In 2005, Ronald Phipps was stopped for questioning by police in the ritzy Bridle Path neighbourhood. They were looking for a vandal. Phipps is black. He is also a Canada Post letter carrier, and was on his regular route, in his uniform, carrying a satchel of mail.

Phipps filed a complaint with the Ontario Human Rights Tribunal. In 2009 the Tribunal decided that police actions were racially motivated and discriminatory. The police appealed the ruling. Early in March the Ontario Court of Appeal upheld the Tribunal’s ruling.

“I hope the judgment will give room for pause when it comes to racial profiling, Phipps told the Toronto Star. “Not every person from the Middle East is a terrorist. Not every African-Canadian male is a thief.”

Phipps’ treatment is far from unique. A recent Star investigation into Toronto Police racial profiling concluded that while blacks make up 8.3 per cent of Toronto’s population, they accounted for 25 per cent of the police stop reports filled out between 2008 and mid-2011. In each of the city’s 72 patrol zones, blacks are more likely than whites to be stopped and carded.

It isn’t just a matter of extra scrutiny in communities that suffer low average income and high crime rates. The likelihood of young people of colour being stopped and harassed increases in areas that are predominantly white.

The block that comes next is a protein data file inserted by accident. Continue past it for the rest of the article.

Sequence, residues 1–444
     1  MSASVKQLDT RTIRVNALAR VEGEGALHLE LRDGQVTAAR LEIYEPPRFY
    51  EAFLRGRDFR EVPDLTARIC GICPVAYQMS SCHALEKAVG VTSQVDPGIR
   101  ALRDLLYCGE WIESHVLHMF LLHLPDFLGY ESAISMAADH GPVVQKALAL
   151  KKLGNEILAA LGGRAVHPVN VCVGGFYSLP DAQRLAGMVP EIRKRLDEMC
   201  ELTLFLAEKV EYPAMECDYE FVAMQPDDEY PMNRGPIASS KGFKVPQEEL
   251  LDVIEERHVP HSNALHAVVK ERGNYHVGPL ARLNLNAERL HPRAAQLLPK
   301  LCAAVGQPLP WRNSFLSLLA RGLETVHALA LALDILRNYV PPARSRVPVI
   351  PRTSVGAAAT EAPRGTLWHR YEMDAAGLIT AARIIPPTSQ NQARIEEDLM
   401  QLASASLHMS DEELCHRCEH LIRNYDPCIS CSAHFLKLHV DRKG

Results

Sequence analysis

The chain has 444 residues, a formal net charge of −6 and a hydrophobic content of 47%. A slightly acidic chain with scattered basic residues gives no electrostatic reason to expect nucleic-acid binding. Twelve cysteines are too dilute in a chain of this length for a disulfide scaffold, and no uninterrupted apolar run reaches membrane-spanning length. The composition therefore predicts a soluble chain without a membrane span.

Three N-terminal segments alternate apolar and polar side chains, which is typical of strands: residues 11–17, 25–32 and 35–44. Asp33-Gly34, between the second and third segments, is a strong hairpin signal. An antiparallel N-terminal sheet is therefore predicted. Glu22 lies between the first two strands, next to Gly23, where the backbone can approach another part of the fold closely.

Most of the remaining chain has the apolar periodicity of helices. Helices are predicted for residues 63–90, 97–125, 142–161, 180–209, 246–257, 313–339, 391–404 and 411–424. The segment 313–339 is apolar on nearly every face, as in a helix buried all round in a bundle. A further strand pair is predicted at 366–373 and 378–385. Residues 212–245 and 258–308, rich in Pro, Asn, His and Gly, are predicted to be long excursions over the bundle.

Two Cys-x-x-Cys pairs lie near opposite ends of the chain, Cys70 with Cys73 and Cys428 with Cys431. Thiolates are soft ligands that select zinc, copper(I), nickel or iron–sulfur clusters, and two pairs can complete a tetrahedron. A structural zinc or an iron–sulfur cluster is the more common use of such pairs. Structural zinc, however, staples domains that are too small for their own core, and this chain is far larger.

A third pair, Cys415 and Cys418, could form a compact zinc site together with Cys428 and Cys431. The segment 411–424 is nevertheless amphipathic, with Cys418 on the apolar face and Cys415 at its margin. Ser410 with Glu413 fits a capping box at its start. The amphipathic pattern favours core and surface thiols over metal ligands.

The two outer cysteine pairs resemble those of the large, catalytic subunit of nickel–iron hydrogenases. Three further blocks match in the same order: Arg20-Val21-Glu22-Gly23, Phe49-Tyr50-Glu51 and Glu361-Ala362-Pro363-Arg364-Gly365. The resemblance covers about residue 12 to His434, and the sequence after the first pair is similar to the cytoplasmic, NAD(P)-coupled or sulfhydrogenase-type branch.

This supports anecdotal evidence from young people in highly racialized neighbourhoods, that they are regularly subjected to harassment and abuse.

Arnold Jayabalan is a youth counselor in the Weston-Mt. Dennis neighbourhood. Asked if he thought every young black man in the area had been subjected to stop and questioning, he relied: “I’m sure of it. At least once.”

Jayabalan’s federally supported program is designed to help kids avoid gang activity and violence. It has lost its funding and will shut down this spring. The Harper Tories would rather spend billions on new prisons and push of mandatory long sentences for “crimes” like possession of marijuana.

No matter where they live, or what their level of education, non-white Canadians face “economic apartheid”.

Racialized Canadians earn an average of $30,385 per year compared to $37,332 for other Canadians, or 81 cents to the dollar. For immigrants, especially racialized women immigrants, the situation is far worse.

Racialized Canadians are three times more likely to live in poverty than other Canadians (19.8 per cent compared to 6.4 per cent).

These are telling statistics, but the Harper government has a solution: abolish the census that provides such information.

Stop and search reports go into a growing police database. The demand for documentation means that young blacks are being told to get out of neighbourhoods where they don’t “belong”.

Just as in the US, wearing a hijab or a hoodie puts you at risk.

Meanwhile, Toronto Police Chief Bill Blair has just been awarded the 2012 Canadian Diversity Leadership Award by something called the Diversity Business Network.